The first and foremost reason behind introducing new cybersecurity regulations is the ever-evolving threat landscape. Cyberattacks have become more sophisticated and prevalent, targeting everything from personal data to critical infrastructure. With the rise of ransomware attacks, data breaches, and state-sponsored cyber espionage, a wealth of new official cybersecurity regulations exist on state, national, and global levels.
The intention is to help businesses and organizations strengthen their defenses against cyber threats while demonstrating their commitment to maintaining the security of their customer’s sensitive information.
4 New Cybersecurity Regulations SMB Owners Should be Aware Of
The United States has essential rules, programs, and guidelines for managing cybersecurity risks and incidents. Here are some of the newer cybersecurity regulations and how they affect businesses:
1. American Data Privacy and Protection Act (ADPPA)
This federal act was first introduced in June of 2022 and is currently in a holding pattern. The focus is on making sure personal data is safe and private. It covers how data is collected, used, stored, and shared. Once passed, individuals will have more control of their personal data, and organizations must inform people how they use it. Keep on the lookout for the status of this bill becoming a law.
2. California Consumer Privacy Act (CPRA)
As of January 2022, The CPRA regulates businesses that process the personal data of Californians for purposes such as targeted advertising. People can decide who can use and sell their data and have the right to correct inaccurate personal information. Companies must look closely at how they handle and share consumer’s personal information. It must be reasonably necessary and proportionate to achieve the purposes for which it was collected or processed.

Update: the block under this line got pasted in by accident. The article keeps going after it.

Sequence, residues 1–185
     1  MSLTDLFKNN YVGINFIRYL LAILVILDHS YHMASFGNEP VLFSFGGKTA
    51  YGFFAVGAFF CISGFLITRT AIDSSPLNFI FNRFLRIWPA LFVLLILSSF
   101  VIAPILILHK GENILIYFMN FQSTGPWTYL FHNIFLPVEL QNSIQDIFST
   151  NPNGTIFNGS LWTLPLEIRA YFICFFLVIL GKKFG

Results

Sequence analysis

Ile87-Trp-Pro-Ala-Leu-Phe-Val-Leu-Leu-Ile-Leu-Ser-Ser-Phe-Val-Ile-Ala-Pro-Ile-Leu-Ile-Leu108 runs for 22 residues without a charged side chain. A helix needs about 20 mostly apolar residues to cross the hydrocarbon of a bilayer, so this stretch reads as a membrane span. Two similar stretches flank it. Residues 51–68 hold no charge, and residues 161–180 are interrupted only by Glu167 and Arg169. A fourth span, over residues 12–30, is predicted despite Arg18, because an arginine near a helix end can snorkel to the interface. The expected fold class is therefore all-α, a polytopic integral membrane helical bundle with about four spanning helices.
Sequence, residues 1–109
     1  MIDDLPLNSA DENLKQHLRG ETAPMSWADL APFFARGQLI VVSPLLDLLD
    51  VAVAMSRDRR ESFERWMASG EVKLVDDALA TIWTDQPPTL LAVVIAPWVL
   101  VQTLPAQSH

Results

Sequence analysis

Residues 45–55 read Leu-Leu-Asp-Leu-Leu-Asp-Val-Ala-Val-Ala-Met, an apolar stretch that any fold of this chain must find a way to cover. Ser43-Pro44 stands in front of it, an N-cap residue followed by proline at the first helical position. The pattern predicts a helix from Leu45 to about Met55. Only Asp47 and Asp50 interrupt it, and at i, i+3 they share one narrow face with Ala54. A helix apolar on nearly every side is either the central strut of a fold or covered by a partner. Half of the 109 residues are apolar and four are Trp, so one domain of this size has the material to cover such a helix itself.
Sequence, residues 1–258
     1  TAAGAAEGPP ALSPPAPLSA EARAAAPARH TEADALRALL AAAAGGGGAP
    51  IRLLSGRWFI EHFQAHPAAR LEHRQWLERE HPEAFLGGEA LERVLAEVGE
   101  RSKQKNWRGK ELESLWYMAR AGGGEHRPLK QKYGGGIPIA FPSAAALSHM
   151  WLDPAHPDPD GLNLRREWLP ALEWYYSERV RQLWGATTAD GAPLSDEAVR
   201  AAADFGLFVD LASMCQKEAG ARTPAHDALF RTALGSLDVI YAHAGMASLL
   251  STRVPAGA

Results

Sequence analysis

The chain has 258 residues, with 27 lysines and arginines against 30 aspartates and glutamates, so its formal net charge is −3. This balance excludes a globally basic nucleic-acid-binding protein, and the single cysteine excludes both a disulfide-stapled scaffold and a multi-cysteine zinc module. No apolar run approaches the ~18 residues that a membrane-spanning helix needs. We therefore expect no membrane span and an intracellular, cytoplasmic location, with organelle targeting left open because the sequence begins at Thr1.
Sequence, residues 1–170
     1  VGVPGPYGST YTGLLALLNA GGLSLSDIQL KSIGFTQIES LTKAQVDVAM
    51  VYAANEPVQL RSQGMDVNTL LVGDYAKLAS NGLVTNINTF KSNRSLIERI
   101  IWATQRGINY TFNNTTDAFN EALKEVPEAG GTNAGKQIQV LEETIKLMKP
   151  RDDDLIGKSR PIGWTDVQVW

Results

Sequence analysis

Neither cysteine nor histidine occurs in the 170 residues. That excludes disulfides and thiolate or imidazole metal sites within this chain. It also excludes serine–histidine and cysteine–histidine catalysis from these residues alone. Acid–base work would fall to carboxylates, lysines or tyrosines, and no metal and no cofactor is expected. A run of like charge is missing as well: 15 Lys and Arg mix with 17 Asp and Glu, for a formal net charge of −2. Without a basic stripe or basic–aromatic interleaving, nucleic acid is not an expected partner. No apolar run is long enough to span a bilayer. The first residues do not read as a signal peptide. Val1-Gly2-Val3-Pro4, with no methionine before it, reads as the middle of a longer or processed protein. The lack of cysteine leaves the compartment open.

In addition to California, four other states (Colorado, Connecticut, Utah, and Virginia) have enacted similar laws. The possibility of more, if not all, states doing something similar is very possible.
3. Executive Order 13984
This rule from the U.S. government focuses on making the country’s digital systems safer. It says that different parts of the government need to work together to stop cyber threats. The Secretary of Commerce is authorized to implement regulations to govern the process and procedures to deter foreign malicious cyber actors from hacking and abusing the United States Cloud Service and help keep America safe.
4. SEC’s Cybersecurity Risk Management, Strategy, Governance, and Incident Disclosure
In July of 2023, the Security and Exchange Commission now requires all registrants to disclose material cybersecurity incidents they experience. They must also inform the SEC of their risk management, strategy, and governance annually. Whether a company loses a factory in a fire or an untold amount of personal data in a breach, it may be material to investors, and they must be made aware.
Cybersecurity Regulations: The Responsibility of Adapting and Adhering
Data privacy and cybersecurity regulations in the United States must consistently evolve to address our nation’s ever-changing cybersecurity threats. With that, businesses will need to stay up-to-date and remain compliant. They are subject to fees, fines, penalties, and punitive consequences if not. To help ensure that your company is compliant and protected against cyber-attacks, hire an outside provider, such as TCI Technologies, to oversee your cybersecurity needs.